Second, Erdogan also repeated his previous criticism of the EU’s unfair attitude in the accession process. Unsatisfied with the slow pace of accession negotiations, Erdogan has been calling on the EU to accelerate the process by opening more than two chapters per presidency (every six months). He asked the future presidencies to break with this “routine.” He also complained about the EU’s delay in approving the end-of-screening reports on nine chapters since 2006. Turkey started talks on 10 of the 35 chapters, and it has completed negotiations on only one. The EU has put several chapters on hold, due to the objections of the Greek Cypriot administration and France (Today’s Zaman, January 20).

Calling on the EU to revitalize the process, Erdogan said, “We are not requesting privileged treatment; we ask for equal and fair treatment.” He was echoing Euro-skeptic sentiments among the Turkish public, which increasingly feels that the EU is applying double standards against Turkey by treating it differently from other candidates. In that regard, he also maintained that the declining support for EU membership in the opinion polls was caused by negative remarks of some European leaders about Turkey (Hurriyet Daily News, January 20).

As part of his complains that internal EU politicking posed obstacles to Turkey, Erdogan did not hesitate to name the Greek Cypriots. He lambasted the EU’s decision in 2004 to admit the Republic of Cyprus without resolving the divided status of the island (Anadolu Ajansi, January 19). Since its accession to the EU, according to Ankara, the Greek Cypriots have blocked the start of negotiations with Turkey on crucial chapters, most significantly energy.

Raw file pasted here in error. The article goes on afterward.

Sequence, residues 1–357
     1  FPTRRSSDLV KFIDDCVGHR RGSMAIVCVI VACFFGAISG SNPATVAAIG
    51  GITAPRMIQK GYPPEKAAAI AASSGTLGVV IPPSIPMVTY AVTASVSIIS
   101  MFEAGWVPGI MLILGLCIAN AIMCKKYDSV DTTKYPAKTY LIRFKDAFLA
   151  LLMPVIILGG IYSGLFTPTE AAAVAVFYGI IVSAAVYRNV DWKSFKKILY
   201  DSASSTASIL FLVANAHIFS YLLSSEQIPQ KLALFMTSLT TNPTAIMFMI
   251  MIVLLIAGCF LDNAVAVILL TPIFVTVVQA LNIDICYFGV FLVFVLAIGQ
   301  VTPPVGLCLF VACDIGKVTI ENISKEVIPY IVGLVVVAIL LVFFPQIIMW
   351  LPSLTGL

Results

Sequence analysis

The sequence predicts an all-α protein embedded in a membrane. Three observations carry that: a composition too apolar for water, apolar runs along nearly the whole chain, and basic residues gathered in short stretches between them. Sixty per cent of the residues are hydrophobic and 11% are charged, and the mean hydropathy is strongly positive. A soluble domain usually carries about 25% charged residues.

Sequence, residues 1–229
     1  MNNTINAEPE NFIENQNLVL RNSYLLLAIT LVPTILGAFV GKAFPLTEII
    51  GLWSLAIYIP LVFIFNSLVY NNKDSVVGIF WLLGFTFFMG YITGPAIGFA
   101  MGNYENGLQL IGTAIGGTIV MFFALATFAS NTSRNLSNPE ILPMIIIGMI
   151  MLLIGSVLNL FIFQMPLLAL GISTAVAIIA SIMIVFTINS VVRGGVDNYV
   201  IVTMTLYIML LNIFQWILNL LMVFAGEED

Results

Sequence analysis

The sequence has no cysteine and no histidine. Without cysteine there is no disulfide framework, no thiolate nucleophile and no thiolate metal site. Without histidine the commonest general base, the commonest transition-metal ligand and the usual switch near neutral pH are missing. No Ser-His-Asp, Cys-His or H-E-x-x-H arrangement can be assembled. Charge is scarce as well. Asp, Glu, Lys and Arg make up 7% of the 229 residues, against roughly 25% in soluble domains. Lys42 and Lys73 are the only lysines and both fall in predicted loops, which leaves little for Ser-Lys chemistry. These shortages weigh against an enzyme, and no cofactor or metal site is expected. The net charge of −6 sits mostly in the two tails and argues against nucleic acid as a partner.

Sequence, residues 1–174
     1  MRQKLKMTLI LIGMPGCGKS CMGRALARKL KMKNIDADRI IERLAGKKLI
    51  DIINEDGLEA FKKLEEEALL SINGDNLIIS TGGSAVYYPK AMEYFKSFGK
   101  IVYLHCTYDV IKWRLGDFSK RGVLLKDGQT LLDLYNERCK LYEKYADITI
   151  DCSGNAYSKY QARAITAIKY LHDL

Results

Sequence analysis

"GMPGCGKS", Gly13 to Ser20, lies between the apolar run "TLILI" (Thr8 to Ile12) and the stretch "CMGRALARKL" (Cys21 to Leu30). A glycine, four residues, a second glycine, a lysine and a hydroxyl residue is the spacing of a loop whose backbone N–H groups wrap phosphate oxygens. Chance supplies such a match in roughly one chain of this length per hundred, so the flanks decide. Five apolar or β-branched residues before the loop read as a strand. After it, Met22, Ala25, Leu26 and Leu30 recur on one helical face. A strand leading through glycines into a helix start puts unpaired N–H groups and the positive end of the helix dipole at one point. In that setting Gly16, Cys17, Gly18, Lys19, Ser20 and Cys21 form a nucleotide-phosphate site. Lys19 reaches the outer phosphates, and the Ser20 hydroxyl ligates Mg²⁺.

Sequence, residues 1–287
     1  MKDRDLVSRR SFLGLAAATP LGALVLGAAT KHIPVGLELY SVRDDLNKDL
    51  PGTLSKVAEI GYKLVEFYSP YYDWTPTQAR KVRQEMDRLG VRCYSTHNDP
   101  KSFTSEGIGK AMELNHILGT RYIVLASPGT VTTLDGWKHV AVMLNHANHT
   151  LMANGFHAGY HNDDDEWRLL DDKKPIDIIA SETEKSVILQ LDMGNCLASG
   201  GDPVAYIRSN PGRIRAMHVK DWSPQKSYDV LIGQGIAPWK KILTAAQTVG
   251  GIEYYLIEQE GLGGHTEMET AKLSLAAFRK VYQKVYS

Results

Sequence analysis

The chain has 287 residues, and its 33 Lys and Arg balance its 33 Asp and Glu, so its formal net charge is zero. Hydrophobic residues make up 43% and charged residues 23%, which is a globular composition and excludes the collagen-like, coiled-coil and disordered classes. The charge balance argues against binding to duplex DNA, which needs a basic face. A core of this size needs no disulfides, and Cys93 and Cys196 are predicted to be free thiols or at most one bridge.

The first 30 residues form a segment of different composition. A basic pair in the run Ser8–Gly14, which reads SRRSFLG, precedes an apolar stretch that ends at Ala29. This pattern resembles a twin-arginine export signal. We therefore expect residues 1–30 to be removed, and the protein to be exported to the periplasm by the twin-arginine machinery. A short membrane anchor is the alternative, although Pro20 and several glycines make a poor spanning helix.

Given the growing importance of energy security on the EU agenda in the wake of the Russian-Georgian war and the Russian-Ukrainian standoff, the implications of the energy issue for Turkey’s membership process occupied an important part of Erdogan’s portfolio. As the Budapest Summit on Nabucco approaches, the EU is to support the Nabucco project, which would transport Caspian gas to European markets through Turkish territory (EDM, January 16).

Erdogan stated at the European Policy Center on Monday that if Turkey were confronted with a deadlock in the energy chapter, it might have to revise its position on Nabucco. This raised concerns that Turkey might be threatening to use its position in energy security as a bargaining chip for Turkish-EU talks. Erdogan also said that although some countries didn’t want Turkey to cooperate with Iran in energy transportation, “cutting ties with Iran is out of question. Nobody can dictate our [energy] policies” (ANKA, January 19).

Nonetheless, following his meeting with Commission President Barroso on the second day, Erdogan ruled out a threat, saying that Turkey would not “use energy as a weapon.” Barroso emphasized areas of mutual cooperation and highlighted Turkey’s strategic position in particular. He pointed to the need for a good partnership in energy security between Turkey and the EU and praised Turkey’s constructive role in Middle Eastern diplomacy (Anadolu Ajansi,, January 19).

European officials constantly remind Turkey that its strategic position alone will not suffice to bring it full membership. Nonetheless, at a time when the EU is pressed hard in energy security, Turkey’s geography apparently does pay some dividends. Responding to Erdogan’s call for help against the EU members blocking negotiations, Barroso promised his full support to start talks on the frozen chapters moving again.

If both Erdogan and Barroso can keep their promises, the former delivering on postponed reforms and the latter removing internal EU obstacles, Turkish-EU relations may experience a new phase of dynamism, similar to that from 2002 to 2005.